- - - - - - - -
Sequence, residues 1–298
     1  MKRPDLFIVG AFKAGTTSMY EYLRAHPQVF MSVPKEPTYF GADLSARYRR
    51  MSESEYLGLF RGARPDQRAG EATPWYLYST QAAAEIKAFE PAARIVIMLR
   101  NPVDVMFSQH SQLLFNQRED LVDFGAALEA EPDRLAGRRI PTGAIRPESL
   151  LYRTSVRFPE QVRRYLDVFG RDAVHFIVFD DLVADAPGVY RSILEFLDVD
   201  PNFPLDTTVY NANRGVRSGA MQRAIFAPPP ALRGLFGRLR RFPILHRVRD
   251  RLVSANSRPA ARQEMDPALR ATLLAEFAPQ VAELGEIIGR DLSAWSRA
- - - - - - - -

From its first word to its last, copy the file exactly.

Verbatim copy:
Sequence, residues 1–298
     1  MKRPDLFIVG AFKAGTTSMY EYLRAHPQVF MSVPKEPTYF GADLSARYRR
    51  MSESEYLGLF RGARPDQRAG EATPWYLYST QAAAEIKAFE PAARIVIMLR
   101  NPVDVMFSQH SQLLFNQRED LVDFGAALEA EPDRLAGRRI PTGAIRPESL
   151  LYRTSVRFPE QVRRYLDVFG RDAVHFIVFD DLVADAPGVY RSILEFLDVD
   201  PNFPLDTTVY NANRGVRSGA MQRAIFAPPP ALRGLFGRLR RFPILHRVRD
   251  RLVSANSRPA ARQEMDPALR ATLLAEFAPQ VAELGEIIGR DLSAWSRA